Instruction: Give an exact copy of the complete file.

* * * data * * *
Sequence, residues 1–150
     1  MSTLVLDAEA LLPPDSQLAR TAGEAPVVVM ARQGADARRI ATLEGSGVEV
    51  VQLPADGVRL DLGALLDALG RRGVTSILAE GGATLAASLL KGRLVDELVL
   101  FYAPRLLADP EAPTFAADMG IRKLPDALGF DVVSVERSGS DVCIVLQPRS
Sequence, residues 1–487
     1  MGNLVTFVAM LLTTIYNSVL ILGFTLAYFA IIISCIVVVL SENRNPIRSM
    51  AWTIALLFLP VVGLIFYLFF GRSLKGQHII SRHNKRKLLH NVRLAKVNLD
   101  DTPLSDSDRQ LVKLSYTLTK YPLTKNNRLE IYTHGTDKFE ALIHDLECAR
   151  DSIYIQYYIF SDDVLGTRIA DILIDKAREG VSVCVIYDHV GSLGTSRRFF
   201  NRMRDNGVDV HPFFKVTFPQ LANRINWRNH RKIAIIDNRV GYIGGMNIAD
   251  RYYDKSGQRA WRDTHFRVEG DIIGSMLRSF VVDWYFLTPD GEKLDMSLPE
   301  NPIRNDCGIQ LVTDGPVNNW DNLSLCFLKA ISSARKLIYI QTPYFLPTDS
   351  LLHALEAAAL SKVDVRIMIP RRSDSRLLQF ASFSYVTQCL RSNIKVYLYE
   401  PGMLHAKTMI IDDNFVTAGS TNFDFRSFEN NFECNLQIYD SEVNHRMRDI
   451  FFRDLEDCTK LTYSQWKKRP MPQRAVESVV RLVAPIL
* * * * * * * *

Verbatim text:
Sequence, residues 1–150
     1  MSTLVLDAEA LLPPDSQLAR TAGEAPVVVM ARQGADARRI ATLEGSGVEV
    51  VQLPADGVRL DLGALLDALG RRGVTSILAE GGATLAASLL KGRLVDELVL
   101  FYAPRLLADP EAPTFAADMG IRKLPDALGF DVVSVERSGS DVCIVLQPRS
Sequence, residues 1–487
     1  MGNLVTFVAM LLTTIYNSVL ILGFTLAYFA IIISCIVVVL SENRNPIRSM
    51  AWTIALLFLP VVGLIFYLFF GRSLKGQHII SRHNKRKLLH NVRLAKVNLD
   101  DTPLSDSDRQ LVKLSYTLTK YPLTKNNRLE IYTHGTDKFE ALIHDLECAR
   151  DSIYIQYYIF SDDVLGTRIA DILIDKAREG VSVCVIYDHV GSLGTSRRFF
   201  NRMRDNGVDV HPFFKVTFPQ LANRINWRNH RKIAIIDNRV GYIGGMNIAD
   251  RYYDKSGQRA WRDTHFRVEG DIIGSMLRSF VVDWYFLTPD GEKLDMSLPE
   301  NPIRNDCGIQ LVTDGPVNNW DNLSLCFLKA ISSARKLIYI QTPYFLPTDS
   351  LLHALEAAAL SKVDVRIMIP RRSDSRLLQF ASFSYVTQCL RSNIKVYLYE
   401  PGMLHAKTMI IDDNFVTAGS TNFDFRSFEN NFECNLQIYD SEVNHRMRDI
   451  FFRDLEDCTK LTYSQWKKRP MPQRAVESVV RLVAPIL